Greek gods are known for their ability to seduce humans, and Medusa was no different. Poseidon wooed Medusa, who broke her vows, left the temple and married him. Athena was enraged at this betrayal, and as a punishment for her abandonment, Medusa was cursed. Her hair and eyes, once so beautiful even gods could not resist her, were transformed. Her golden hair turned to poison snakes, and her incredible eyes became ugly, bulging, lethal orbs in her disfigured, green skinned face.
Heartbroken and miserable, Medusa left Greece. She fled to Africa, with her poisonous snakes dropping from her head as she wandered. This is why, according to the ancient Greeks, Africa is so full of poisonous snakes. Kostas restored Medusa to the beauty she once was on canvas.
I told Kostas my thoughts on Medusa and he replied, “I always wanted to paint the mythical creature Medusa and after many sketches I decided to create a female “monster” and not an evil woman.”
When I read that in his email I smiled to myself. All too often, monsters are associated with evil, but that is done from fear of the unknown. We don’t know what it is, and are so worried about how much more powerful it is that we don’t stop to think about what it wants.
We come to the same conclusions about animals in the wild. The bear or snake came after us, so therefore the animal is dangerous and must be killed, right? What if the bear had cubs just around the corner, and thought you were coming to hurt them? What if the snake saw only an intruder in its territory? If someone you don’t know walks into your home, wouldn’t you be scared? Wouldn’t you defend yourself, and your home?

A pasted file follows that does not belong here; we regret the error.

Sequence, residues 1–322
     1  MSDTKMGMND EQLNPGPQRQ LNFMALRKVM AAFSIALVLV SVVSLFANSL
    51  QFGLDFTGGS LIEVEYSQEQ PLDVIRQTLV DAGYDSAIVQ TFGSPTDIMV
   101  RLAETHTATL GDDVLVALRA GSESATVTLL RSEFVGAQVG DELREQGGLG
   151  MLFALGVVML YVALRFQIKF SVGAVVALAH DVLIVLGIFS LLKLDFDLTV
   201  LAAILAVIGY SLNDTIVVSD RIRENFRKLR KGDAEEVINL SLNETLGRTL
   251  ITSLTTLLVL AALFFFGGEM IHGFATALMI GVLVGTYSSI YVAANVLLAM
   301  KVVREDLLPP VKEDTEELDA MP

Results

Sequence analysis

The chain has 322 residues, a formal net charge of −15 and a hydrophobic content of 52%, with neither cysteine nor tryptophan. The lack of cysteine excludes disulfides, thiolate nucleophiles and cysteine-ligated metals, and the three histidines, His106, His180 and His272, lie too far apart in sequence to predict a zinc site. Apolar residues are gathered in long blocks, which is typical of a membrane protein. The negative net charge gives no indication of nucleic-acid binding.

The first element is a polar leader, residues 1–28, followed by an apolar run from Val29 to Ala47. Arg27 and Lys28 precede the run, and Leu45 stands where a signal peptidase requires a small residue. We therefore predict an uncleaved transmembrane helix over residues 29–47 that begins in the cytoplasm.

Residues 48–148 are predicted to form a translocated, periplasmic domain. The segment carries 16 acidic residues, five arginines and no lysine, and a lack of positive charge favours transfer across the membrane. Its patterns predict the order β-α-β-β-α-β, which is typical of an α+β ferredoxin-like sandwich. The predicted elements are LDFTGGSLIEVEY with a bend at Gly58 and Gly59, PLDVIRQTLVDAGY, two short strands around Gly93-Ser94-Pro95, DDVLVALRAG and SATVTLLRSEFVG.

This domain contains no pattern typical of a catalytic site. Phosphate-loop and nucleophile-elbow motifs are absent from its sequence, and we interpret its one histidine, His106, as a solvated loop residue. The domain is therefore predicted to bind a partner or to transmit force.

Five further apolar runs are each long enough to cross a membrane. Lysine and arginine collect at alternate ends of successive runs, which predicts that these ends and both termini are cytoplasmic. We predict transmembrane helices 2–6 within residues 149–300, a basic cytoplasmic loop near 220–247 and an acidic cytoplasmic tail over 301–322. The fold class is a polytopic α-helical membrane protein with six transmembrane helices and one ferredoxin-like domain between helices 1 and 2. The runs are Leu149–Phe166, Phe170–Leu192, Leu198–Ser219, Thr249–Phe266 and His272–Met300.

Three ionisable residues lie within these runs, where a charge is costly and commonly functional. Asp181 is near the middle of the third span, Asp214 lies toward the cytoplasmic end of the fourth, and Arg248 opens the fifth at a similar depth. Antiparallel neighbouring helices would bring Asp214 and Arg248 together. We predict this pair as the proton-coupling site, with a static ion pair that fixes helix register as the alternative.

Medusa was turned into a monster simply because she couldn’t help who she loved. She killed men not because she wanted to, but because a jealous goddess made it so a glance from Medusa’s once beautiful eyes was deadly.
Vulnerability beneath viciousness
Medusa wasn’t the only monster who Kostas found the heart of. The name Caligula is infamous, and even those who did poorly in history class (ahem, like me) recognize the name. He was an emperor of Greece and far from gentle or fair. He was assassinated for his blood lust. Even though his body died, his memory has lived on.
However, when I look at Kostas’ portrayal of Caligula, I see an insecure, slightly frightened man who is unsure of what he’s doing. Kostas saw the vulnerable side to a man who killed his own kin. When I wonder how it was he accomplished this, I always come to the conclusion that Kostas saw this side when he was exploring ruins of Greece, tapping into the ancient energies left behind by these historic figures. Kostas’ gift to see beyond the veil, his ability to hear what most cannot, and his pure talent, resulted in this empathy-provoking painting.
Kostas is undeniably an incredible artist. Through a number of email correspondences, I was able to learn more about this talented Athenian. Kostas studied at the School of Byzantine Hagiography, but considers himself a self-taught artist. His preferred medium is colours made of natural pigments, made of dusts, oils, and acrylics on canvas and paper. I asked him if anything in particular inspired his work and he replied that he was “profoundly influenced by ancient history and mythology (not only Greek). The Greek environment and civilization has been a source of inspiration for me.”